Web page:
A child’s screams pierce the quiet night. More bad dreams. Toddlers wander aimlessly through the camp because they can’t sleep. Young ones crouch in the dirt near their makeshift tents. They no longer talk. Pictures of people with guns appear in the dust. Some never leave their flimsy shelters, too shocked of exhausted to move.
Why? Trauma. The American Psychological Association defines trauma as the emotional response someone has to an extremely negative event. It can cause a lasting impact on the victim’s mental, emotional, and physical development.
When Myanmar’s military and Buddhist vigilantes descended on Rohingya Muslim villages last August, they burned homes, shot anyone they could, and raped the women. Children froze in horror. Then they ran for their lives to the neighboring country of Bangladesh.
According to UNICEF, 60% of the 1.3 million refugees in Bangladesh are children. The international aid organization Save the Children reports that at least 30% of the refugee population in Bangladesh is younger than five. The United Nations says, “At least 5,600 households in the Bangladesh camps are headed by children who arrived without adult family members.” These vulnerable kids now face child labor, sex trafficking, and other kinds of exploitation.
Imams are constructing temporary mosques out of tarps as places of prayer and Islamic schooling, especially for Rohingya young people. Experts on Islamic militancy in Bangladesh say these schools have received funding from local and Middle Eastern extremist groups and they fear they could become centers of religious radicalism or Rohingya militancy to “get back” at Myanmar.
Christians respond to the need of Rohingya children
Where is the church in this grim situation? The church in Bangladesh has responded with immediate aid of food, water, and tarps. Young girls are especially vulnerable, so several Christian ministries have established sewing training centers. Those who complete the program receive sewing machines so they can have a way to support themselves and their families. Others organizations are teaching English, reading, writing and mathematics. Throughout these classes, the students are loved and listened to, and they hear the gospel.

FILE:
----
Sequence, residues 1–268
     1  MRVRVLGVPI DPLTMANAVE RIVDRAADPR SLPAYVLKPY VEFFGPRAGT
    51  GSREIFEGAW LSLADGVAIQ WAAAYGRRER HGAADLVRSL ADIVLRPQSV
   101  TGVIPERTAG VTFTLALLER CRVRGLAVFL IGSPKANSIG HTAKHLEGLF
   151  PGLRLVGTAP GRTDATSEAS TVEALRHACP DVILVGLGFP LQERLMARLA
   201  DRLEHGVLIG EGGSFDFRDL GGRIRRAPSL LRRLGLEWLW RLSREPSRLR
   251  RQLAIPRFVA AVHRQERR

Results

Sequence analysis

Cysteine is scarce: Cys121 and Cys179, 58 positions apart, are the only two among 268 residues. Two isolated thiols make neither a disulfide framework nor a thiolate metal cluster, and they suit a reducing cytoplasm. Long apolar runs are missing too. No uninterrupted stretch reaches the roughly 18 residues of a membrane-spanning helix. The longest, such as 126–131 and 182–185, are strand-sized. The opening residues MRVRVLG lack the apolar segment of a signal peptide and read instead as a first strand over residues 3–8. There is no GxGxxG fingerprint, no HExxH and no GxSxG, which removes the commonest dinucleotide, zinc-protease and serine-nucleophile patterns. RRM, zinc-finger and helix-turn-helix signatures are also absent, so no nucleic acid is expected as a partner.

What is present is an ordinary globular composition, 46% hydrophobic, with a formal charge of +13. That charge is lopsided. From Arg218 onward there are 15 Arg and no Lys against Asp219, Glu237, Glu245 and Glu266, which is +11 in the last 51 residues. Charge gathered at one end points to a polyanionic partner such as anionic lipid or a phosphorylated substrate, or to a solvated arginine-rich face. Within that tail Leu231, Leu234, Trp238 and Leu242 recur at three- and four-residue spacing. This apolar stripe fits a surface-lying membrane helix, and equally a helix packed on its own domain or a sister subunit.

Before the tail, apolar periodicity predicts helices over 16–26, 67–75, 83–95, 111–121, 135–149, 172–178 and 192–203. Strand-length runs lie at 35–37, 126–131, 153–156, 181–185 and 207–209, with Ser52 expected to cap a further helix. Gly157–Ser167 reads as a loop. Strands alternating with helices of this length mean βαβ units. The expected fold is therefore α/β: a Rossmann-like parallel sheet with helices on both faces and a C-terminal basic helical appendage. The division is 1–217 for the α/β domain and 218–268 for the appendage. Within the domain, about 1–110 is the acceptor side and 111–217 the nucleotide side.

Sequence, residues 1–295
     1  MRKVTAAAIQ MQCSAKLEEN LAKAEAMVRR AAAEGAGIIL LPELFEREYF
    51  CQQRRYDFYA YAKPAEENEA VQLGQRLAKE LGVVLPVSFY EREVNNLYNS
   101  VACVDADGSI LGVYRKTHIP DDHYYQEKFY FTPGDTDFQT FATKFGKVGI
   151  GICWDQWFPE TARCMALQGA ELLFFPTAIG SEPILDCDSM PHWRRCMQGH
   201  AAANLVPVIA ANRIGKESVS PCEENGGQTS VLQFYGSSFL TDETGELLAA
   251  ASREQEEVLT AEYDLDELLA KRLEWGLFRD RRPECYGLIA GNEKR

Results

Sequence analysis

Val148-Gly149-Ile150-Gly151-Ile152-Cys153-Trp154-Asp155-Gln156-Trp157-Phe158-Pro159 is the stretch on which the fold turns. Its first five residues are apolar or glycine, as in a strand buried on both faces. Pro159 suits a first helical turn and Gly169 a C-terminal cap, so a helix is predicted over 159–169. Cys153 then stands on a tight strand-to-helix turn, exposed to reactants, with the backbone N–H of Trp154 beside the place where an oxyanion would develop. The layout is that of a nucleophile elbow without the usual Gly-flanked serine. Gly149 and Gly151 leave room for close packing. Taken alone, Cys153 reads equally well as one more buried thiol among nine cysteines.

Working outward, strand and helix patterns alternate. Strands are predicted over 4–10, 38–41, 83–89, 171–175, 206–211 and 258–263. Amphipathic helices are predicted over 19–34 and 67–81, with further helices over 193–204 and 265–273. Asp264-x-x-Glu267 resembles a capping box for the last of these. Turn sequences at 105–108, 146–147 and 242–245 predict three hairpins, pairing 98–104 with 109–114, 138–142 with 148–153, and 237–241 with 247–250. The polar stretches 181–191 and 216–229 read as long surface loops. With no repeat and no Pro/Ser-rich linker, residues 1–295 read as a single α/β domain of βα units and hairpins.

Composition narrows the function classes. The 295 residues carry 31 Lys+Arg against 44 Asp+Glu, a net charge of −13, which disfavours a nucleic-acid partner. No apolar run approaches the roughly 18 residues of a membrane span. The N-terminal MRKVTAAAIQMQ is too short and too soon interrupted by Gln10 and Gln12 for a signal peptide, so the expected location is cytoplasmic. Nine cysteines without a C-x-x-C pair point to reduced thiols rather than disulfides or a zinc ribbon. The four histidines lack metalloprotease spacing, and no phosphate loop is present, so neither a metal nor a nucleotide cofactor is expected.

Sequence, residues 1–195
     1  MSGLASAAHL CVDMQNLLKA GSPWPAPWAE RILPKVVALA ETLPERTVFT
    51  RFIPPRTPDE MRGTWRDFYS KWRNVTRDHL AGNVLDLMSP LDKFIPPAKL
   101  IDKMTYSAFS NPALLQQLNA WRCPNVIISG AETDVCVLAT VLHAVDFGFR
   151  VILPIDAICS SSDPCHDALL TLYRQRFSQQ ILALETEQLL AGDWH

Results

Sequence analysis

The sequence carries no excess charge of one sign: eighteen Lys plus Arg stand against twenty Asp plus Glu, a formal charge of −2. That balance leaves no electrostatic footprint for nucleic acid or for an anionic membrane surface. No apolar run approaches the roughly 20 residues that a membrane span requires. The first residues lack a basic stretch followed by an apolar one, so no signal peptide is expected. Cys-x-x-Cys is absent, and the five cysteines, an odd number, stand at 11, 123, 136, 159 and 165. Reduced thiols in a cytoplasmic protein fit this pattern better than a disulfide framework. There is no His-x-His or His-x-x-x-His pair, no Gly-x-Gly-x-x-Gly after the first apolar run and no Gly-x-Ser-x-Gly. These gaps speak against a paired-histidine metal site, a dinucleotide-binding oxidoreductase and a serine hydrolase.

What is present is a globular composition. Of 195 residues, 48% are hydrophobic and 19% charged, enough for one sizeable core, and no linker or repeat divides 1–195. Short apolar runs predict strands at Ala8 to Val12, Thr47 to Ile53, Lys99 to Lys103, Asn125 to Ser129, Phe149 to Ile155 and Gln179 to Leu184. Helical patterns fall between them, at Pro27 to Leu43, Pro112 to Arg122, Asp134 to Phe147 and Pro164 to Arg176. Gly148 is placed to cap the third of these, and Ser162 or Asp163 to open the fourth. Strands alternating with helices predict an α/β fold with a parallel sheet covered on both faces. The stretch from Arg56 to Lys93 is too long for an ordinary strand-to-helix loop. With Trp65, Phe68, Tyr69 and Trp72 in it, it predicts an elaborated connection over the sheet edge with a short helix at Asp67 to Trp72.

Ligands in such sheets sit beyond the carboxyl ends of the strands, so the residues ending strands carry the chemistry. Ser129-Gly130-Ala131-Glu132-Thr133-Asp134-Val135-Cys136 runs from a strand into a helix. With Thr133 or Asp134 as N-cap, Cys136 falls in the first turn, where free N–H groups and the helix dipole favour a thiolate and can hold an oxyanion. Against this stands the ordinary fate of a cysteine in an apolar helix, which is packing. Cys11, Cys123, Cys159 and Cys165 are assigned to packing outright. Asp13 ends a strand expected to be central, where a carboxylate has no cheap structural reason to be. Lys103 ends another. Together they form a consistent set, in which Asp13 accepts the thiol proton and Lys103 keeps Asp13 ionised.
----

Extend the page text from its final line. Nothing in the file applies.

Graduates from local Bible schools have formed small churches. As new believers mature, they are given a chance to attend these schools to equip themselves to reach more of the refugees.
One Rohingya believer makes a difference
“I want to help the children and start a church!” These are the words of a Rohingya refugee believer named Sona Mia. When he fled to Bangladesh, he immediately turned his own circumstances into an opportunity for missions. He comforted the children and showed them a smile every day. His bamboo-and-tarp home became a safe, happy place. He played games with them and gave them a sense of normalcy.
Sona Mia told them they had a Father in heaven who loved them and would never leave or forsake them. They could trust God. Sona Mia became a stable figure in their lives—and in the lives of their parents. The parents often listened to the conversations and asked questions. Some accepted Jesus as Lord and Savior, and Sona Mia faithfully taught this small group the Word. They worshipped together on Sundays.
As a refugee himself, Sona Mia was thrilled when he received permanent legal residency in India. But he didn’t want to leave his flock, and his congregation didn’t want to be left without a shepherd. After prayer and discussion, 17 families followed Sona Mia to Dehli, India.
Today, 34 families make up Sona Mia’s church of 150 Rohingya believers. He formed two full-time Christian schools for the children that cater especially to their emotional needs through songs, scripture reading, and other academics. The children also spend time playing, which provides healing, reduces stress, and helps brain development. One student was overheard saying, “I like it when Sona Mia plays with us. He is such fun. He makes me feel better when I am sad. When he tries to jump rope it makes me laugh.”
The Indian government is concerned that these Muslim refugees will be influenced by radical Muslims and perhaps be pulled into terrorist movements. Sona Mia hopes the ministry of Rohingya Christians like himself will show a different way. He dreams of having a separated community for Rohingya Christians and their children so they can grow in the Lord together.
“The frightened screams have ceased,” Sona Mia said. “The children sleep all night, and they now draw pictures of trees and rainbows.”